Refiguring Women, Colonialism, and Modernity in Burma presents the first study of one of the most prevalent and critical topics of public discourse in colonial Burma: the woman of the khit kala-“the woman of the times”-who burst onto the covers and pages of novels, newspapers, and advertisements in the 1920s. Educated and politicized, earner and consumer, “Burmese” and “Westernized,” she embodied the possibilities and challenges of the modern era, as well as the hopes and fears it evoked. In Refiguring Women, Chie Ikeya interrogates what these shifting and competing images of the feminine reveal about the experience of modernity in colonial Burma. She marshals a wide range of hitherto unexamined Burmese language sources to analyze both the discursive figurations of the woman of the khit kala and the choices and actions of actual women who-whether pursuing higher education, becoming political, or adopting new clothes and hairstyles-unsettled existing norms and contributed to making the woman of the khit kala the privileged idiom for debating colonialism, modernization, and nationalism.
The first book-length social history of Burma to utilize gender as a category of sustained analysis, Refiguring Women challenges the reigning nationalist and anticolonial historical narratives of a conceptually and institutionally monolithic colonial modernity that made inevitable the rise of ethnonationalism and xenophobia in Burma. The study demonstrates the irreducible heterogeneity of the colonial encounter and draws attention to the conjoined development of cosmopolitanism and nationalism. Ikeya illuminates the important roles that Burmese men and women played as cultural brokers and agents of modernity. She shows how their complex engagements with social reform, feminism, anticolonialism, media, and consumerism rearticulated the boundaries of belonging and foreignness in religious, racial, and ethnic terms.
Refiguring Women adds significantly to examinations of gender and race relations, modernization, and nationalism in colonized regions. It will be of interest to a broad audience-not least those working in the fields of Southeast Asian studies, colonial and postcolonial studies, cultural studies, and women’s and gender studies.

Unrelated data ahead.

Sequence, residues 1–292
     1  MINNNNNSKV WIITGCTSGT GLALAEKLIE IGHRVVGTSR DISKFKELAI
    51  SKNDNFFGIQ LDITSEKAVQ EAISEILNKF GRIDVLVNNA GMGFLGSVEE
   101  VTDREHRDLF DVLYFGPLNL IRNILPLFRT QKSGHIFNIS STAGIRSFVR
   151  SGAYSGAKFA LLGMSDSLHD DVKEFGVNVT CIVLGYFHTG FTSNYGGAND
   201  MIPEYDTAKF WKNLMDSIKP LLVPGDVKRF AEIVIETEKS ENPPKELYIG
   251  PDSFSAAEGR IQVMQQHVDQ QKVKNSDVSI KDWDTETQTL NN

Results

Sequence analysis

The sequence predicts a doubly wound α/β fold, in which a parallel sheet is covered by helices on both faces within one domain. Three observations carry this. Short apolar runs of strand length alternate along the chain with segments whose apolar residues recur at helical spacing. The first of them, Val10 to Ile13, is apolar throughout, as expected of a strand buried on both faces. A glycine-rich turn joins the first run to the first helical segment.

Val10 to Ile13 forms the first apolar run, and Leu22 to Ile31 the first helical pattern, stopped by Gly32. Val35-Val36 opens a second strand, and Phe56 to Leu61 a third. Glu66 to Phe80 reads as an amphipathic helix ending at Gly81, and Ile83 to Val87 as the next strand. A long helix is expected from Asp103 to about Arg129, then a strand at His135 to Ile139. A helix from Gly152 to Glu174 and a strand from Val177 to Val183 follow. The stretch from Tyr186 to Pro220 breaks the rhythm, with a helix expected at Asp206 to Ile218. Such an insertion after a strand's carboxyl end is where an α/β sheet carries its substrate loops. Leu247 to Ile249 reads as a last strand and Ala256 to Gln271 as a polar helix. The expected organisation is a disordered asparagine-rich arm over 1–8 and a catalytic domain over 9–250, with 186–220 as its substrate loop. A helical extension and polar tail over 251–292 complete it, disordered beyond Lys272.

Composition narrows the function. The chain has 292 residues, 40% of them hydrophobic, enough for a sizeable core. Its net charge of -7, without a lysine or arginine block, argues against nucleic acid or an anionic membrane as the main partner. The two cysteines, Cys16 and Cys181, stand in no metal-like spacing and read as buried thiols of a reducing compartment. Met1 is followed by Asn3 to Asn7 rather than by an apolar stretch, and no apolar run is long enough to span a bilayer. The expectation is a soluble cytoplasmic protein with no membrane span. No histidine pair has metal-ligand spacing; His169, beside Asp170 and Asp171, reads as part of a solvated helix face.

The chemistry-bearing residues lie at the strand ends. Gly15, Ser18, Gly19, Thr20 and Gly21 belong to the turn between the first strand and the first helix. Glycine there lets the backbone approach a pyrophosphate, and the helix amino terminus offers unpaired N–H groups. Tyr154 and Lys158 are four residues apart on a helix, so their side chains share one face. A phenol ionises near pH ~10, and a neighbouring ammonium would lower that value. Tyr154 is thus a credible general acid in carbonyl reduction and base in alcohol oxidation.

|Realizing the Dream of R. A. Kartini: Her Sister’s Letters from Colonial Java|
Realizing the Dream of R. A. Kartini: Her Sisters’ Letters from Colonial Java presents a unique collection of documents reflecting the lives, attitudes, and politics of four Javanese women in the early twentieth century. Joost J. Coté translates the correspondence between Raden Ajeng Kartini, Indonesia’s first feminist, and her sisters, revealing for the first time her sisters’ contributions in defining and carrying out her ideals. With this collection, Coté aims to situate Kartini’s sisters within the more famous Kartini narrative-and indirectly to situate Kartini herself within a broader narrative.
The letters reveal the emotional lives of these modern women and their concerns for the welfare of their husbands and the success of their children in rapidly changing times. While by no means radical nationalists, and not yet extending their horizons to the possibility of an Indonesian nation, these members of a new middle class nevertheless confidently express their belief in their own national identity.
Realizing the Dream of R. A. Kartini is essential reading for scholars of Indonesian history, providing documentary evidence of the culture of modern, urban Java in the late colonial era and an insight into the ferment of the Indonesian nationalist movement in which these women and their husbands played representative roles.